Checklist Before Beginning Any DIY Electrical Wiring Project

Before beginning any DIY electrical wiring project, you need to give your project some thought. You need to plan out what you want and what you are going to do. You also need to ensure you have the proper permits, locates, materials, testers, and tools.

Let’s start with the planning process. Sometimes it helps to draw this out on a piece of paper, and other times it is more helpful to mark everything on the wall or ceiling. Where are you going to get your power from? Is there enough room in the breaker box to install another circuit breaker? There are lots of questions that need to be answered before you begin your project.

Are you going to do any digging? If so, you need to schedule a locate before you begin digging. To schedule a locate, call 911, and you will be connected to your local locator service. These locations typically need to be scheduled at least two business days in advance.

Electrical permits

I have learned that most homeowners skip this step. All electrical work needs an electrical permit. Some areas will allow homeowners to complete all electrical wiring on their own homes. Other areas have restrictions on what a homeowner can do. For example, here in Montana, homeowners are not permitted to install their own electrical service. These rules and regulations vary from state to state and even town to town. You need to check with your local building codes department before beginning any DIY electrical wiring project.

Directions and Instructions

You need to read, follow and understand all instructions and safety warnings that are included with all tools and devices you are going to use on your project.


To determine problems or to see if your electrical device is working properly, you need at least a voltage-tester. I also recommend a multi-meter and a receptacle plug tester.


Be sure your workspace is clear of all debris and anything else that could be a hazard before beginning work.

Electricity and water do not mix

NEVER stand in water, on wet floors, or work in wet clothing while working with electricity. Place dry boards or rubber mats on the floor to stand on if you are forced to work on wet floors. If you are working outside in the rain, or somehow you get wet while working on your electrical wiring project, change into dry clothes before working with live electricity or around breaker boxes and fuse panels.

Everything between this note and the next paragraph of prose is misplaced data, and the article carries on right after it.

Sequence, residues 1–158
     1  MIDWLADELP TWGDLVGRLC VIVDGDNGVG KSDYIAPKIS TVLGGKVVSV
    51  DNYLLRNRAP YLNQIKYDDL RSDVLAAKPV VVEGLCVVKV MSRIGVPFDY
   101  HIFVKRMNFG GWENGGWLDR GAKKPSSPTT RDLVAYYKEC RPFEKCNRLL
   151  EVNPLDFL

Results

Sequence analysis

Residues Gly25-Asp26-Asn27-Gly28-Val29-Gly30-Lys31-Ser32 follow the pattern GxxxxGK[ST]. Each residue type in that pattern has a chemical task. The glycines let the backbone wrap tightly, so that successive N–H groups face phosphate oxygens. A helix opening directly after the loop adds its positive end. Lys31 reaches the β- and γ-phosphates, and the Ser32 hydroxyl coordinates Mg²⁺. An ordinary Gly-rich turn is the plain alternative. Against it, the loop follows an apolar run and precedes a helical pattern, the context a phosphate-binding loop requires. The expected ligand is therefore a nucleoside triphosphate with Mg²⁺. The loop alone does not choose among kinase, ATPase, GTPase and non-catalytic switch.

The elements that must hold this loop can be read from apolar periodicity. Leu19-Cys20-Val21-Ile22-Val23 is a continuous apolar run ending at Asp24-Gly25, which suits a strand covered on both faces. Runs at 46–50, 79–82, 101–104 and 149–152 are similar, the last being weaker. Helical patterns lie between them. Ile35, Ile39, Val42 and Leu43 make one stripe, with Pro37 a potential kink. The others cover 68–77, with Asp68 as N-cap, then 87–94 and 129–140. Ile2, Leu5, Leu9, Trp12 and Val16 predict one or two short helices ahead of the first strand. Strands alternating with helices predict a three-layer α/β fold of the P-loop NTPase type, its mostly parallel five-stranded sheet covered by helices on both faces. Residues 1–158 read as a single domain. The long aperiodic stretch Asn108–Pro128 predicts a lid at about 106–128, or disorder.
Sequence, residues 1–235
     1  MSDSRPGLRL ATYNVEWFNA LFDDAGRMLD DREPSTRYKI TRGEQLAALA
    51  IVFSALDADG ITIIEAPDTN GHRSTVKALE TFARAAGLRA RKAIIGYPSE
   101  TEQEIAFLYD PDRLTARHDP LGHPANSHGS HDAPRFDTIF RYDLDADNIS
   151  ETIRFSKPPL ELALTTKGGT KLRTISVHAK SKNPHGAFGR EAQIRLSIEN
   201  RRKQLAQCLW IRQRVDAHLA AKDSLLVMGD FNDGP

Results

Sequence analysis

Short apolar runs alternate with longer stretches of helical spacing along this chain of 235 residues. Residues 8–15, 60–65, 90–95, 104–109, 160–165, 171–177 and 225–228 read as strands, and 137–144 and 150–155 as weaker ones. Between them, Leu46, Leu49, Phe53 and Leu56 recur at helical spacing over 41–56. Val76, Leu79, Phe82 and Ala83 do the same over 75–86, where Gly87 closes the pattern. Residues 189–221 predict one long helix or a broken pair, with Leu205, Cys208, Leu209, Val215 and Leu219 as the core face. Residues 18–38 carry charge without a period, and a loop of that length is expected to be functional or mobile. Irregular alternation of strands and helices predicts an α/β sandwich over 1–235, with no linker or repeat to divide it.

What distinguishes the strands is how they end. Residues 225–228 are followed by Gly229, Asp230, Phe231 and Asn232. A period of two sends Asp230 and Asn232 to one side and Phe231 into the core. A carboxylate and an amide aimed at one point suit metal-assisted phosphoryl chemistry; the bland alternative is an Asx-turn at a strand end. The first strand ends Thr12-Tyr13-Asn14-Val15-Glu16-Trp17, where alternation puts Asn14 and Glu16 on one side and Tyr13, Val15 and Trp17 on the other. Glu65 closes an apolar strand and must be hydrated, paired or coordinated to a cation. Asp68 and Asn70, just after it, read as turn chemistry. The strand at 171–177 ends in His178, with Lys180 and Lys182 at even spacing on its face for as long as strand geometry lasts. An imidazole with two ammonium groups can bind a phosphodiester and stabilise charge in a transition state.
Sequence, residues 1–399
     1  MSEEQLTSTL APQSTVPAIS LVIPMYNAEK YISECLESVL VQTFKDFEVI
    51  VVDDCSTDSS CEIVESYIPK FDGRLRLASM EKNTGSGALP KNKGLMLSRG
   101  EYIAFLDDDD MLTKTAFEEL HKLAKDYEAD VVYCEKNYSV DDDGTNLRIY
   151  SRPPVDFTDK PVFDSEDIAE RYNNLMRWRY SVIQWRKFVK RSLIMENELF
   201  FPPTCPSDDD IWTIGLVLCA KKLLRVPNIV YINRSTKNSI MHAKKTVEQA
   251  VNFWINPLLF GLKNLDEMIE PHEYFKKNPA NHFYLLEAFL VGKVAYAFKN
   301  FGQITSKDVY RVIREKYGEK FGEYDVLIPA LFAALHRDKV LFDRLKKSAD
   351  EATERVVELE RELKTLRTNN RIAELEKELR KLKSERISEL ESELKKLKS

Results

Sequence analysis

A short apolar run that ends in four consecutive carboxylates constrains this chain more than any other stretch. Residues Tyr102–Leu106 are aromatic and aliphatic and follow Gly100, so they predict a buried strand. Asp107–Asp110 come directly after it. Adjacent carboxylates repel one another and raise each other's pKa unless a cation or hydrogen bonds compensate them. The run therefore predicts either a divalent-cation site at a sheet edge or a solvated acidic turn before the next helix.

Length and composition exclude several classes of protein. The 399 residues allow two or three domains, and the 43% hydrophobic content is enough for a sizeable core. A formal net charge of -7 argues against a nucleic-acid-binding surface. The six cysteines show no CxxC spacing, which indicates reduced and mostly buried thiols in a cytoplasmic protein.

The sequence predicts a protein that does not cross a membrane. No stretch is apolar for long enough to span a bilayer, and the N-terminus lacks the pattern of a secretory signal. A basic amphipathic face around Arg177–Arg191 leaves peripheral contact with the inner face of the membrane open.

Turn off the power

Always turn off the power before working on any electrical circuit or in a breaker box or fuse panel. Once you turn off the power, verify the power is off with a voltage tester before touching any wires or electrical devices. An easy way to determine which breaker or fuse controls the receptacle that you plan to work on is to plug a radio into the receptacle. Now flip through the breakers or remove the fuses until you hear the radio stop. When the radio quits working, that is the correct breaker or fuse.

Breaker boxes and fuse panels

Use extreme caution when working in or around breaker boxes and fuse panels. Remember, everything down the center is live 240 volts. Sometimes, when turning off the main breaker, the wires that feed the panel are still live. Breaker boxes and fuse panels are not really the place for inexperienced people to be working in or around.

Use the right tool for the job

When working with electricity, it is helpful to use the right tools with insulated handles. Always wear shoes with rubber or non-conductive soles. A good pair of leather gloves and safety glasses are helpful as well.

Completing your project

Before you can consider your DIY electrical wiring project to be complete, you need to test everything, clean up and get a final inspection.

Know your limitations

Do not rush through your project. When we hurry, we occasionally forget to think things through, and mistakes happen. If you do not feel comfortable with what you are doing, stop and leave it to a licensed electrician.

Worked in IT for 10 years, specialising in computer measurement, resource and performance management and complex problem solving. Changed careers to HVACr in 2015.

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